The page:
HOLY INNOCENTS is a ministry of the Archdiocese of Baltimore, facilitated by the Offices of Cemetery Management and Life, Justice and Peace. Its primary mission is to assure every child who is miscarried (dying before birth) has a sacred place to be buried. If you or someone you know is miscarrying or has miscarried and is in need of having a sacred place to bury the child, please call 410-547-3142. There is no cost to the family for this ministry.  Please keep this ministry in mind, when in the future someone you know has a miscarriage and wishes to bury the child. Pastoral visitors will arrange to take custody of the child and secure the child until burial. If the child is born at a hospital arrangements with the hospital will occur. Burials occurs twice per year at Holy Cross Catholic Cemetery in Anne Arundel County. 


If interested in more information, please contact the helpline 410-547-3142 or email the office at holyinnocents@archbalt.org. If you are interested in serving in this important ministry, please contact us.   

 

Helpline: 410-547-3142 

Email: holyinnocents@archbalt.org

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THE BURIAL OF ASHES: The Archdiocese of Baltimore provides a final resting place for those who are cremated but not buried. Since cremation has become a more accepted practice, more families are choosing cremation though many are not choosing burial at the time of cremation. As years and decades pass, the next generation inherit the urns of their grandparents and great grandparents, increasing the incidents of the urns being misplaced and forgotten. The ministry is also for the recently deceased. The Ministry of the 14th Station of the Cross buries the deceased in sacred ground allowing the deceased to rest in peace. There is a minimal fee of $350 for the burial. The burial occurs annually in November (Month of All Souls). The urns are placed in one vault and buried. This opportunity also provides families peace of mind, as they now know where their family member is perpetually buried.  The burial is at Holy Cross Cemetery in Anne Arundel County.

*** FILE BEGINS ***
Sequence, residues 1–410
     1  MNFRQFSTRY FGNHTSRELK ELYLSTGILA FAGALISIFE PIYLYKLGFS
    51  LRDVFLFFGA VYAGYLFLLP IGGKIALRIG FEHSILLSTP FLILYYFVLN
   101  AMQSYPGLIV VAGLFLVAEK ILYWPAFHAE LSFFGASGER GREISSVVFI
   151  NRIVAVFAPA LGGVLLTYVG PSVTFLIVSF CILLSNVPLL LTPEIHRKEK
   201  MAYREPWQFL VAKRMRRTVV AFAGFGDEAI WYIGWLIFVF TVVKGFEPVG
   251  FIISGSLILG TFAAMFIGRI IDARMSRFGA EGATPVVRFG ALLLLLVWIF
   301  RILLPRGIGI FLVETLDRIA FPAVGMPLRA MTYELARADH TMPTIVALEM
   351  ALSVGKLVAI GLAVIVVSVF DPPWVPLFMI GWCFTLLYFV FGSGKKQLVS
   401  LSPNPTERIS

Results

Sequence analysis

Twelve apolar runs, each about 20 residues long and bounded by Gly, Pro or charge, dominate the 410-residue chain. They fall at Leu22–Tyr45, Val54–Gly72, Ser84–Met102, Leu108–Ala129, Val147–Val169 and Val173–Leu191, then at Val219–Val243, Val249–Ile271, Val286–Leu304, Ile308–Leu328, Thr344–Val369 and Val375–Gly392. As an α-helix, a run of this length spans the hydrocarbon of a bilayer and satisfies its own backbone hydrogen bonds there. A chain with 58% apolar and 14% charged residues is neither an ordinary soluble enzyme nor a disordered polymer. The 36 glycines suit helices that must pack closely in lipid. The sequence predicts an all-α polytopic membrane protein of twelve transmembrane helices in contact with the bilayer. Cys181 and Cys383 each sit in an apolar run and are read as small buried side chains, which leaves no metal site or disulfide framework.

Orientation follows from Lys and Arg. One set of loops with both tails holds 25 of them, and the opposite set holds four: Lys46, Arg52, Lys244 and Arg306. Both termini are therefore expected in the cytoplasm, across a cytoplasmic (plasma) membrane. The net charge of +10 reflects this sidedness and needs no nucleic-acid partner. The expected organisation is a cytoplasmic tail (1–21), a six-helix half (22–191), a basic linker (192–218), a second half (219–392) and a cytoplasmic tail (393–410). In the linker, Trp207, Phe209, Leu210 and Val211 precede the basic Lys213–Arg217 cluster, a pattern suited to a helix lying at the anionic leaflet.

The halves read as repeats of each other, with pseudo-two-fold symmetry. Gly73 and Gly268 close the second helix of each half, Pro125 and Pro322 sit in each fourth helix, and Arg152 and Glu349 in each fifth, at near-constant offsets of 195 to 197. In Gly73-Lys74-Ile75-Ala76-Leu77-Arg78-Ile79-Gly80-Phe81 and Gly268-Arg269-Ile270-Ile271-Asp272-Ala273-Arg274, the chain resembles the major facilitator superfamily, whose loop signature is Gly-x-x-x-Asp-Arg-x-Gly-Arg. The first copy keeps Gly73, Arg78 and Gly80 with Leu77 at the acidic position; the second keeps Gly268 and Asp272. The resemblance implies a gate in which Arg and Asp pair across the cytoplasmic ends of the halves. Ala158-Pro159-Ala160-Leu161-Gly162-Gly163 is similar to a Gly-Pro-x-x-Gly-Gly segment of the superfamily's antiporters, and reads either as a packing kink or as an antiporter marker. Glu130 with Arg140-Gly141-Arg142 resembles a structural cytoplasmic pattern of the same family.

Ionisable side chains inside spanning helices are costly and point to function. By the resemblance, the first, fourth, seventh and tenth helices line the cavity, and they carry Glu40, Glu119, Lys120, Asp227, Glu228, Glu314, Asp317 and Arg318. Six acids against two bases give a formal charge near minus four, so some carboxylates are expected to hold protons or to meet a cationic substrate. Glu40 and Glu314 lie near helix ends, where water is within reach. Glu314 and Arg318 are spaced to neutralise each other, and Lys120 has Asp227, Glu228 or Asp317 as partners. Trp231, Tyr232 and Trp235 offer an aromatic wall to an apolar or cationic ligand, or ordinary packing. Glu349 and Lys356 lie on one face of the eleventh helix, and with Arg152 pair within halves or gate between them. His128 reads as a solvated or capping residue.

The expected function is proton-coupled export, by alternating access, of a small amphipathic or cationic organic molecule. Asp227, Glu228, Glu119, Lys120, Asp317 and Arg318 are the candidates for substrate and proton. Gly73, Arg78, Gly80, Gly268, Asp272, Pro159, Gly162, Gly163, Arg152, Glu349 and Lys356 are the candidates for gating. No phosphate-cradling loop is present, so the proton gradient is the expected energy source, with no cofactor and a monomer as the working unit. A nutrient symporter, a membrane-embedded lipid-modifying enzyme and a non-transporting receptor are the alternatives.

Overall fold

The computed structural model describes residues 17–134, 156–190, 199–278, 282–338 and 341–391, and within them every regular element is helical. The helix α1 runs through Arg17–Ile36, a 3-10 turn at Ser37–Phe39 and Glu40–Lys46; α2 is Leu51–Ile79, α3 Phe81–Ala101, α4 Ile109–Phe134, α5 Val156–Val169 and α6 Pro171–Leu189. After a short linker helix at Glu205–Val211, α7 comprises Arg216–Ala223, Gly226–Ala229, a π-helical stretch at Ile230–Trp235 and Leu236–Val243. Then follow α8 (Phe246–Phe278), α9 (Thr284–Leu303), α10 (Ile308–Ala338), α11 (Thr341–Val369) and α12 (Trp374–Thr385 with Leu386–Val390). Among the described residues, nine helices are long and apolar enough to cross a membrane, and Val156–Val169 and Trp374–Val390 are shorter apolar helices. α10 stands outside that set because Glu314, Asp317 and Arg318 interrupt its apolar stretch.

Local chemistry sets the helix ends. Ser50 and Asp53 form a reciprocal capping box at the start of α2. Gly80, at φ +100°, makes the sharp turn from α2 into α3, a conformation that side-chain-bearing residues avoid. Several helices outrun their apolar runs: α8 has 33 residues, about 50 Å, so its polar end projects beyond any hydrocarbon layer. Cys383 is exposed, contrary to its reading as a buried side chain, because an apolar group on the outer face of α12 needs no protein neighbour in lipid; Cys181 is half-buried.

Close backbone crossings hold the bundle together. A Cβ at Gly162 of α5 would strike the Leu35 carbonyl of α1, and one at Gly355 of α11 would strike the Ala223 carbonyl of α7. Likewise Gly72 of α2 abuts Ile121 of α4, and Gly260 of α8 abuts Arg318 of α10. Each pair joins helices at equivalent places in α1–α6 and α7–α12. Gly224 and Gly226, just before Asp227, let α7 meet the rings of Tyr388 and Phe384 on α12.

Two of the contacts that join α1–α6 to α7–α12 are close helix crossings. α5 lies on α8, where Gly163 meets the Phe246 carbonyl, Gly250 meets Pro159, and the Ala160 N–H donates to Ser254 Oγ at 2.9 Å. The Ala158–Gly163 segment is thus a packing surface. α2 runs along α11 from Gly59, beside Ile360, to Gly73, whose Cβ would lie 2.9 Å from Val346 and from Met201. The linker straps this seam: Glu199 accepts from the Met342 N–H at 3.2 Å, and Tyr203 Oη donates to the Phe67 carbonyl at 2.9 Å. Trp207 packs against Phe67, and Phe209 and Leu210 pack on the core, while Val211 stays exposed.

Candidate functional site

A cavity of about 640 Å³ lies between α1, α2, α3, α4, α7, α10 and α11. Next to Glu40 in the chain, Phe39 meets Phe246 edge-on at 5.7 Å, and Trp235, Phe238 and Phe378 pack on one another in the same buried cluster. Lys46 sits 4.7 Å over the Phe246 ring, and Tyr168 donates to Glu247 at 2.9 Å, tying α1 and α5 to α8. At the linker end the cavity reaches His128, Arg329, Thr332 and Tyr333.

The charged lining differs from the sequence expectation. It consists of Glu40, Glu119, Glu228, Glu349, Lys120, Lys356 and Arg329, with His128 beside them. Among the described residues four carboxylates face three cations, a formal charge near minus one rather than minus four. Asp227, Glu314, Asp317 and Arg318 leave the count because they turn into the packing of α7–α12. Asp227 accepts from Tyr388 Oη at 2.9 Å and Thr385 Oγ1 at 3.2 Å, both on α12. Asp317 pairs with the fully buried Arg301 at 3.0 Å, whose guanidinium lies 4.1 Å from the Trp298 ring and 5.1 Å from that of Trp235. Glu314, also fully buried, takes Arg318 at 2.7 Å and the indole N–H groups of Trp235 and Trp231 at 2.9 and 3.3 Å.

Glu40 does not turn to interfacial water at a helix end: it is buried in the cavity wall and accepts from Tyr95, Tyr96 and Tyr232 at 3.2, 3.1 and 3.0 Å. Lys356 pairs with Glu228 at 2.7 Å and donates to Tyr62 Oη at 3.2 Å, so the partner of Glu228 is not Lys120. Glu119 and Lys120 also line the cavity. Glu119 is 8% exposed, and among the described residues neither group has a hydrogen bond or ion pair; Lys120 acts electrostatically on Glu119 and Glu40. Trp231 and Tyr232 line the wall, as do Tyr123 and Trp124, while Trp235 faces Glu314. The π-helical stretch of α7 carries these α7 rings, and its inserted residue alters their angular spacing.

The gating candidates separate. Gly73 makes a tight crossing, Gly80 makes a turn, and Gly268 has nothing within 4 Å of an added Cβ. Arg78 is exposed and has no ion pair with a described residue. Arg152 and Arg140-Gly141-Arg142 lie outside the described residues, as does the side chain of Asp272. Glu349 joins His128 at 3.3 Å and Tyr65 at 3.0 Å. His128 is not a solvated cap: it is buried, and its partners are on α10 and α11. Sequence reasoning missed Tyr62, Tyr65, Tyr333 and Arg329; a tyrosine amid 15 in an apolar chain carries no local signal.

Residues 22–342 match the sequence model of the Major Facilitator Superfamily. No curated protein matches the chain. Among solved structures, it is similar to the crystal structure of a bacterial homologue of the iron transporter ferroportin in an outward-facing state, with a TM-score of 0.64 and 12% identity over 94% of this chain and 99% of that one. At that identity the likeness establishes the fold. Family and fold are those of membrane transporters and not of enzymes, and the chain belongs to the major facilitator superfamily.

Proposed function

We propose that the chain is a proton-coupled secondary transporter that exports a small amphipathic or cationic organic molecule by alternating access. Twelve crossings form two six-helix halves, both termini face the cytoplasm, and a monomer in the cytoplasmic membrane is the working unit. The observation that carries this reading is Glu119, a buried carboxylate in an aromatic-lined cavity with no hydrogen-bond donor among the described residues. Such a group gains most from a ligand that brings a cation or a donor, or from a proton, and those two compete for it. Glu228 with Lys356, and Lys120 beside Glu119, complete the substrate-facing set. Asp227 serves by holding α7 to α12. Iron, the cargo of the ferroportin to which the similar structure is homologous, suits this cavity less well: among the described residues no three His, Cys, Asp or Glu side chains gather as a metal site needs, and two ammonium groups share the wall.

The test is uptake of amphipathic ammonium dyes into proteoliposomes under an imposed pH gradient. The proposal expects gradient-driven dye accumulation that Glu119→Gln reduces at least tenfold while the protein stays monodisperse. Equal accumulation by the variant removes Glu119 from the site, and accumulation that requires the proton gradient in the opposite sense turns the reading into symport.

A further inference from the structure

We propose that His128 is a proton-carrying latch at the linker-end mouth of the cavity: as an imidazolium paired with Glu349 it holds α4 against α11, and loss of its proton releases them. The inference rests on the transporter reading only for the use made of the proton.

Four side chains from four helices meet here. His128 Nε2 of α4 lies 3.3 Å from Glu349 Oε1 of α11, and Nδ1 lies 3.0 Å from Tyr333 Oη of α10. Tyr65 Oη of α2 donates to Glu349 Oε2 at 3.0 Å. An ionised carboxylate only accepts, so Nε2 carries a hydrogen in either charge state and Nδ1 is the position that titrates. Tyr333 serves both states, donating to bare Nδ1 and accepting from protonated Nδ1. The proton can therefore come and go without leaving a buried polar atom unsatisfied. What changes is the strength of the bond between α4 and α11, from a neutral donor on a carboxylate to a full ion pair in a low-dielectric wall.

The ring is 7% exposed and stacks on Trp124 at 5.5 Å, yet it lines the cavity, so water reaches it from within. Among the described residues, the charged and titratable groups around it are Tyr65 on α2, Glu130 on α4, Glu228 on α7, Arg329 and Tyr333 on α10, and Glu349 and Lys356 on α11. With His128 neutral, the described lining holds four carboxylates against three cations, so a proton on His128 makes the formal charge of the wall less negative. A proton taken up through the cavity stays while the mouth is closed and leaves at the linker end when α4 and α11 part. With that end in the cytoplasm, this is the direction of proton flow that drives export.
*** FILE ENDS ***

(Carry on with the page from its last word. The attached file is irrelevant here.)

Please contact the Office of Cemetery Management

Rev Patrick Carrion ** 410-547-5375 ** pcarrion@archbalt.org

In the Media

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Archbishop Wester: The Catholic Church should baptize children of same-sex couples

by John Wester


Editor’s Note: In some Catholic dioceses and parishes, the question of whether to baptize the children of same-sex couples is not disputed. The child, say some dioceses and parishes, should be treated like any other children whose parents present them for the sacrament of baptism. In other dioceses and parishes, the approach is far different, with some couples being turned away. Here, Archbishop John C. Wester of Santa Fe, N.M., addresses a pastoral question that has caused distress in parishes and among same-sex Catholic parents.


The Great Commission, as presented at the end of the Gospel of Matthew (cf. 28:16-20), could easily be called “The Great Gift,” as the risen and ascended Christ, who possesses “all power in heaven and on earth,” empowers the disciples to “make disciples of all nations, baptizing them in the name of the Father and of the Son and of the Holy Spirit.”. READ MORE

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Why Does the Bible Talk About Widows and Orphans So Much? 

by Tyler Huckabee


in a time of mass displacement — the sort of humanitarian crisis so enormous and distant that it’s difficult for many Americans to visualize it, let alone remember that it’s an ongoing and mounting catastrophe — it’s hard not to think of Matthew 25, where God identifies with the poor and marginalized. Most of us are not among the estimated 100 million persons who are currently displaced from their home, but Jesus tells us in no uncertain terms that he is.


Over and over again in the Bible, God identifies with the poor, the marginalized and those on the fringes of society. This is an uncomfortable truth for those of us who aren’t necessarily poor or marginalized, but it’s an important part of understanding the true character of God. And rarely in the Bible is that character made clearer than God’s love for widows and orphans. Pick up a Bible, open to any page and start reading. It won’t be long till you come across a passage about widows and orphans. READ MORE

READER NOTIFICATION:  

Parish: 'the thought' is a publication of St. Ignatius Catholic Community—Baltimore. Each edition contains articles and news feeds that are included for awareness of current topics in our world today. The positions expressed by outside authors and news feeds are theirs alone, and do not necessarily reflect the views, opinions, or positions of St. Ignatius Catholic Community or its staff.

 - This e-zine was designed and compiled by John C. Odean